Equity incentive awards such as stock options and restricted stock awards 1 provide a key tool for Founders and early-stage companies to attract, retain, and incentivize key employees and other service providers of the Company.

The basic tax rules state that when an employer gives an employee something of value, the value of the item given to the employee is taxable as ordinary income to the employee.

With respect to grants of equity to employees, Section 422 of the Internal Revenue Code creates an exception to this general rule.

The grant of equity by the Company to an employee may create a taxable event to the individual receiving the equity grant.

To comply with IRS regulations and achieve maximum tax benefits for recipients, equity incentive awards must be issued by the Company at fair market value (FMV).

Applicable IRS regulations (§ 26 CFR 1.409A-1(iv)) provide a process for determining the FMV of stock issued in connection with option awards. The regulations generally require that FMV be “determined by the reasonable application of a reasonable valuation method.” Determining the fair market value of a share and stock requires careful planning.


The information provided in this article does not, and is not intended to, constitute legal advice; instead, all information, content, and materials available in this article are for general informational purposes only. Information in this article may not constitute the most up-to-date legal or other information. Readers of this article should contact their attorney to obtain advice with respect to any particular legal matter. No reader, user, or browser of this article should act or refrain from acting on the basis of information in this article without first seeking legal advice from counsel in the relevant jurisdiction. Only your individual attorney can provide assurances that the information contained herein – and your interpretation of it – is applicable or appropriate to your particular situation. Use of, and access to, this article or any of the resources contained herein do not create an attorney-client relationship between the reader, user, or browser and the author or The Mitchell Law Firm, A Professional Corporation. All liability with respect to actions taken or not taken based on the contents of this article are hereby expressly disclaimed. The content on this posting is provided “as is” and no representations are made that the content is error-free.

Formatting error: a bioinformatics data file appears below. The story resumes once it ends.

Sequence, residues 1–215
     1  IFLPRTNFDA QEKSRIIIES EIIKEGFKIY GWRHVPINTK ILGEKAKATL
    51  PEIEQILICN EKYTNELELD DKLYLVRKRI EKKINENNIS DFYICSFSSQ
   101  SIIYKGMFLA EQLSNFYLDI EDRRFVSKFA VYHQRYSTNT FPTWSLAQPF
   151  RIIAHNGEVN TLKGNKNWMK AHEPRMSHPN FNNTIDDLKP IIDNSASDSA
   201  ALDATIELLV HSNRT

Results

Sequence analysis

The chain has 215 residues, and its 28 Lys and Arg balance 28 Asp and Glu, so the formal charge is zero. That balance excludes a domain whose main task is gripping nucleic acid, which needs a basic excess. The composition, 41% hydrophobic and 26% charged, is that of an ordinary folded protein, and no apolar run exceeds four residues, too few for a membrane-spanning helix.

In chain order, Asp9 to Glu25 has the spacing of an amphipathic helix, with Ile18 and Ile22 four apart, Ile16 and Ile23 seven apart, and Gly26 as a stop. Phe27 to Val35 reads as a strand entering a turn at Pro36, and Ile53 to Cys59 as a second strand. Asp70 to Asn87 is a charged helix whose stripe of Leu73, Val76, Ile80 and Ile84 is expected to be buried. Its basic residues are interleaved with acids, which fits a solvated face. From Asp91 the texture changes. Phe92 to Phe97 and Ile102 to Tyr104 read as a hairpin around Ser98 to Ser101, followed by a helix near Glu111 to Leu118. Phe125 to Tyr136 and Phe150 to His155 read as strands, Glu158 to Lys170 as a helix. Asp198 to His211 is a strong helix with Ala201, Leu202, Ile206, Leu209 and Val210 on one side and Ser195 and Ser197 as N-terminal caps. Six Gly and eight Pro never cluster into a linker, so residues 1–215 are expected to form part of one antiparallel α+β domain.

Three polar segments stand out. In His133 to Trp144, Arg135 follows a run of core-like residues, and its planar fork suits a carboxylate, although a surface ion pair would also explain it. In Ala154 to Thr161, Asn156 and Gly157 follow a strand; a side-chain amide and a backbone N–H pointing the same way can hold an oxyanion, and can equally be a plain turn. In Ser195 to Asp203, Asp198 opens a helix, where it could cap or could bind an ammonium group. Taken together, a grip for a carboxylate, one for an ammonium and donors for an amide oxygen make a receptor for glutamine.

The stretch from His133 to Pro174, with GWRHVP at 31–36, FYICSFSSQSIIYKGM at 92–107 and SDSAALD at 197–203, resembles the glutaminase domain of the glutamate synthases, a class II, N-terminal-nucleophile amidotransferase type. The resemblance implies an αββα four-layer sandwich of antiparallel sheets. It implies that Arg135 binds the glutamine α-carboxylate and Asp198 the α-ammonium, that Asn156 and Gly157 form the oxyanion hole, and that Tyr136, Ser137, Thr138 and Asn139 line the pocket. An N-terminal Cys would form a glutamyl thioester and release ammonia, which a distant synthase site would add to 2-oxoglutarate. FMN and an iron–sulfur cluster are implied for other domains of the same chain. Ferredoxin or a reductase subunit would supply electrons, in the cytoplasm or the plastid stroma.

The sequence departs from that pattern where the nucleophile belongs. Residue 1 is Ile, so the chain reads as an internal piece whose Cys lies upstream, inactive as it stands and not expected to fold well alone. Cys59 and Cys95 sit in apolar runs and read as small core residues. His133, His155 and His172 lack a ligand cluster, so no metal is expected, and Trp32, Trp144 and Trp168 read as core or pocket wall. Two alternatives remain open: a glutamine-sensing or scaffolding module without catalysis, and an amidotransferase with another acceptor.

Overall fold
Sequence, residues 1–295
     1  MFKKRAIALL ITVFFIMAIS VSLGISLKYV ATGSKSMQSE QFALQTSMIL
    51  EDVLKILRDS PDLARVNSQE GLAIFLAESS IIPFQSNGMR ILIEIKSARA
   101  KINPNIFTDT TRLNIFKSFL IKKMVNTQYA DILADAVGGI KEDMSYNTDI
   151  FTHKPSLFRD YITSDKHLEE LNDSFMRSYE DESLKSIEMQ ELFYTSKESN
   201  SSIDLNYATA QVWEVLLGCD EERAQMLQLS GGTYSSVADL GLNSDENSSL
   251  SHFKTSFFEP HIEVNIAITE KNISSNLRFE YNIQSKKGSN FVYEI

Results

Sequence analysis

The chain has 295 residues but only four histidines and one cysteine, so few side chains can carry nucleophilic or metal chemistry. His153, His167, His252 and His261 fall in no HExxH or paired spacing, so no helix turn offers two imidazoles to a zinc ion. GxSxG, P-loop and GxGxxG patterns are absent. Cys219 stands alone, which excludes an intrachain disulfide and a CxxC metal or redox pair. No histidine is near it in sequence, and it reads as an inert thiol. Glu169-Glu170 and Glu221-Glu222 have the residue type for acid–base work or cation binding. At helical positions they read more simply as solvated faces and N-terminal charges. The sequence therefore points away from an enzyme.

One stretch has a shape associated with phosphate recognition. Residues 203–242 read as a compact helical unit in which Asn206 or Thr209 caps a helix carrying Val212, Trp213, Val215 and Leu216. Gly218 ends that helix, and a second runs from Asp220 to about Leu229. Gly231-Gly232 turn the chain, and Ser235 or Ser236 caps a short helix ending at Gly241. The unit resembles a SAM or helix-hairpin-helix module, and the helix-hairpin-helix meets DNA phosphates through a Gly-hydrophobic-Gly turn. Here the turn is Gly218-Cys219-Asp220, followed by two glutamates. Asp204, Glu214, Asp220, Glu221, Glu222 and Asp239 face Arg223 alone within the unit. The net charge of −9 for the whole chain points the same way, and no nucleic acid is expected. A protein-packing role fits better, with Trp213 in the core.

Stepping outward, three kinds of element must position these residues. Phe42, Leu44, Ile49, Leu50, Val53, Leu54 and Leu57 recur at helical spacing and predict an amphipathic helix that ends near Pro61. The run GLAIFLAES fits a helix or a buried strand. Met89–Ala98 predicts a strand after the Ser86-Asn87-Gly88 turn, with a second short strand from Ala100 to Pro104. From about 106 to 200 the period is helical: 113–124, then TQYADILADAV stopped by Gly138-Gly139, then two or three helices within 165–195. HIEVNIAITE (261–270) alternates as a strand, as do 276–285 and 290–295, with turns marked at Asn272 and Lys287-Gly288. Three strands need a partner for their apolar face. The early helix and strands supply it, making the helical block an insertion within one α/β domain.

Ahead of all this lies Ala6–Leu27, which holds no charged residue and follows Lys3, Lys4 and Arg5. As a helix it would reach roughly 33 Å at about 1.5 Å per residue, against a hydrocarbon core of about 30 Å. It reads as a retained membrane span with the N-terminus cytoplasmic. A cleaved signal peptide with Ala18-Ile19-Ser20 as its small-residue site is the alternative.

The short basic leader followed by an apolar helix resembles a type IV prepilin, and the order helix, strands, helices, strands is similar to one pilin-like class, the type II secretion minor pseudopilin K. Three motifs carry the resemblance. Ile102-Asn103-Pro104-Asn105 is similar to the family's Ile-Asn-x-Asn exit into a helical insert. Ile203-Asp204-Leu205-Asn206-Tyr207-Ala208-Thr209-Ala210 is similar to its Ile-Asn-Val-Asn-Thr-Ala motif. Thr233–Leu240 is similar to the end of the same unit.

Print This Post Print This Post